Humana's Broussard calls latest primary care venture an 'expensive, complicated deal'

PHILADELPHIA—Humana's recently announced joint venture to launch senior-centric primary care clinics was far from easy or cheap, CEO Bruce Broussard said while speaking at a healthcare conference.

Discussing a range of topics, the chief of the Louisville, Kentucky-based insurance giant was asked about the company's recent $600 million deal with New York-based private equity firm Welsh, Carson, Anderson & Stowe. The clinics will be payer agnostic and operated by Humana’s primary care subsidiary, Partners in Primary Care.

"For the private equity individuals in the audience, it was an expensive, complicated deal," Broussard said at the 26th Annual Wharton Health Care Business Conference.

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He was addressing a question about the acquisition as well as Humana's deal to acquire home health care provider Kindred at Home in 2018. It's part of Humana's shift from being an insurance company to a healthcare company

Humana also operates a mail-order pharmacy, has more than 300 owned or alliance primary care clinics and is building out its capabilities to address members' social determinants of health.

Broussard said the company is focused on improving outcomes through primary care and ease of access into the home. While Humana is strong at executing and making improvements, he said, it doesn't want to "suffocate the innovation." So these groups were set up as separate entities with separate governance.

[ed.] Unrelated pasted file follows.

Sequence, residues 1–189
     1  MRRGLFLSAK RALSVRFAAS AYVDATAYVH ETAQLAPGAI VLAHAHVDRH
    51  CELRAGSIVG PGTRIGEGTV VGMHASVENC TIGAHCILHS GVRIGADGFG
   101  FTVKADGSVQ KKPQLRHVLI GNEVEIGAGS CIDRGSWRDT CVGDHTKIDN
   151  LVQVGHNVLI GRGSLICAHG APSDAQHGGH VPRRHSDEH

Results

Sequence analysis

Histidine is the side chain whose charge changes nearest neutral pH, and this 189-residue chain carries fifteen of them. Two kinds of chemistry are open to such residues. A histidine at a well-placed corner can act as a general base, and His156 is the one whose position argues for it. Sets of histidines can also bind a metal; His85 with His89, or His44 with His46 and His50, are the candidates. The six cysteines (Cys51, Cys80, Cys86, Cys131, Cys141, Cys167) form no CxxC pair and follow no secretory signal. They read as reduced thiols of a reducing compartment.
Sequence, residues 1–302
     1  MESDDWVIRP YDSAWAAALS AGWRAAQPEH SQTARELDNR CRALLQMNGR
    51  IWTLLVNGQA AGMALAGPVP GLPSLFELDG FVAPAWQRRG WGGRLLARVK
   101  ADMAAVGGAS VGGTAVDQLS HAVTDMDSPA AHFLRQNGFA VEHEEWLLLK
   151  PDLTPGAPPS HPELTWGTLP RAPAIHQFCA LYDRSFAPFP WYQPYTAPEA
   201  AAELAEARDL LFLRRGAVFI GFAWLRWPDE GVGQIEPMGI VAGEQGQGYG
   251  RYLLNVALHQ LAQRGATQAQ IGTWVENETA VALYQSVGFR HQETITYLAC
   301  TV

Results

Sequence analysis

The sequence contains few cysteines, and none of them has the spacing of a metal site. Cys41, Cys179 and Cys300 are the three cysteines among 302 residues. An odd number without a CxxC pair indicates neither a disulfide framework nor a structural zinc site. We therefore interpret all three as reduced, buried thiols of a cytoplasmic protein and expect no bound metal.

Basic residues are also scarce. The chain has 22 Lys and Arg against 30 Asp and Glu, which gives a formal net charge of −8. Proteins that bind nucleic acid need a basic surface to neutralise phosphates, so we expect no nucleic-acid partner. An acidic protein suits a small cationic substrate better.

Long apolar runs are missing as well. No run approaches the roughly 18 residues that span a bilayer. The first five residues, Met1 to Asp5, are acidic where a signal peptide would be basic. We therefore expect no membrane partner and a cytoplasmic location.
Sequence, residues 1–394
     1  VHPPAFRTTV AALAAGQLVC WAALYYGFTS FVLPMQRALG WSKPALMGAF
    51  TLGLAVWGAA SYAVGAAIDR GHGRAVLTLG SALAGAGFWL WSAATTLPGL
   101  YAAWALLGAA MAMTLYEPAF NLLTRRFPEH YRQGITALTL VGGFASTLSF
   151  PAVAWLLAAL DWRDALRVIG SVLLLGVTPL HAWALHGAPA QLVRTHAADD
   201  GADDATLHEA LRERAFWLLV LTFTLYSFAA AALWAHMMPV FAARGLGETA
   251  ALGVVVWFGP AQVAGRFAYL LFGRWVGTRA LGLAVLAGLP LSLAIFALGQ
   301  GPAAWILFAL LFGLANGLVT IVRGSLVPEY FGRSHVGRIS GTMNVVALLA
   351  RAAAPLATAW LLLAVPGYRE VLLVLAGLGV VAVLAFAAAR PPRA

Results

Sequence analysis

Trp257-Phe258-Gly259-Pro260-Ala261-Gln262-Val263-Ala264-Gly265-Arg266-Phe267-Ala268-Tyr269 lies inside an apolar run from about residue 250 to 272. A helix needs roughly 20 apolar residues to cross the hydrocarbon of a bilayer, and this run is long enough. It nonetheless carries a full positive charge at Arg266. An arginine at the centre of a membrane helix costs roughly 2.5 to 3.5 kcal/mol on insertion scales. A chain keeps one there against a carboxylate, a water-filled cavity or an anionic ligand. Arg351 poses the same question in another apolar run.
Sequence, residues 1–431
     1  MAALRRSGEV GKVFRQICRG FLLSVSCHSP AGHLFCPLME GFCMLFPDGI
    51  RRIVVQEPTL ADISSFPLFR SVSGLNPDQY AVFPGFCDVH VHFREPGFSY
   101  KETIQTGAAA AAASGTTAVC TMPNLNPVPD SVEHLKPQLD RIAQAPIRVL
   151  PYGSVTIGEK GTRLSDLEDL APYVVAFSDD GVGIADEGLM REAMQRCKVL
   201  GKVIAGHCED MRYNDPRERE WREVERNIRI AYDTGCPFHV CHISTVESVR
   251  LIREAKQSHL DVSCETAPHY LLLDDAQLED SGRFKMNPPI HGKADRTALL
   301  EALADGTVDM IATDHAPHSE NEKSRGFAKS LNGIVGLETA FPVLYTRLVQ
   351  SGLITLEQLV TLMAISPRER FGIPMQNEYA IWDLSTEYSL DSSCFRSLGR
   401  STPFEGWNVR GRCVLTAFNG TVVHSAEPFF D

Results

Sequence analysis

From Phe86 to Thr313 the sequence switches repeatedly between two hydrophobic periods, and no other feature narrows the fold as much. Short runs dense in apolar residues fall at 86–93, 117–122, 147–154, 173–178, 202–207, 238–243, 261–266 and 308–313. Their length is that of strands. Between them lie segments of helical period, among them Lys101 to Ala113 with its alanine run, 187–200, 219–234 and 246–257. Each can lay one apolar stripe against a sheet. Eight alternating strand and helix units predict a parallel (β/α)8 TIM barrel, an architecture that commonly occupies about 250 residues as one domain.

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"Our view on both of those transactions were, we need to get these to scale and it's not going to get to scale unless we take it and run it separately and let it develop," Broussard said. "Obviously, we have a lot of influence on both those transactions, whether it's ultimately owning it through puts and calls and, in addition, the board of directors and the operations and so on. We’re still being able to enable it. But we’re enabling it around a much more oriented focus kind of area."

He also said it was crucial that the deals are payer agnostic and "that it’s not a slave of internal Humana."

That's important, so it has the ability to grow on its own without the bias of ‘Hey, you’ve to go solve this problem for this executive in the company.’" Broussard said. "There’s a structural reason, there’s some financial reasons and some risk management reasons for that. There’s also this ability for ‘How do we structure it to really have the innovation it is able to espouse in an independent organization?'”

Bold goal update

In 2015, Humana launched what it called its Bold Goal project to reduce unhealthy days among its members by 20% by 2020.

As of last spring, the company reported it collectively cut down unhealthy days by 2.7% with some communities such as San Antonio reporting a nearly 10% decrease. By comparison, Humana’s MA population outside of the program saw a 0.6% increase in unhealthy days.

While he didn't give an update on specific numbers, he said the company continued to make progress.

"In communities we serve, we set goals based on the healthy days that were there and improving the health. In a number of our communities, we actually exceeded those goals," Broussard said.

He also said the program will expand. "People always ask: Well, now that it's 2020, what are you doing?" Broussard said. "What you're going to see the organization do is now take the goal and build subgoals underneath that that are more around how do we make it easier and how do we improve outcomes? That is something you'll probably see in the latter part of this year."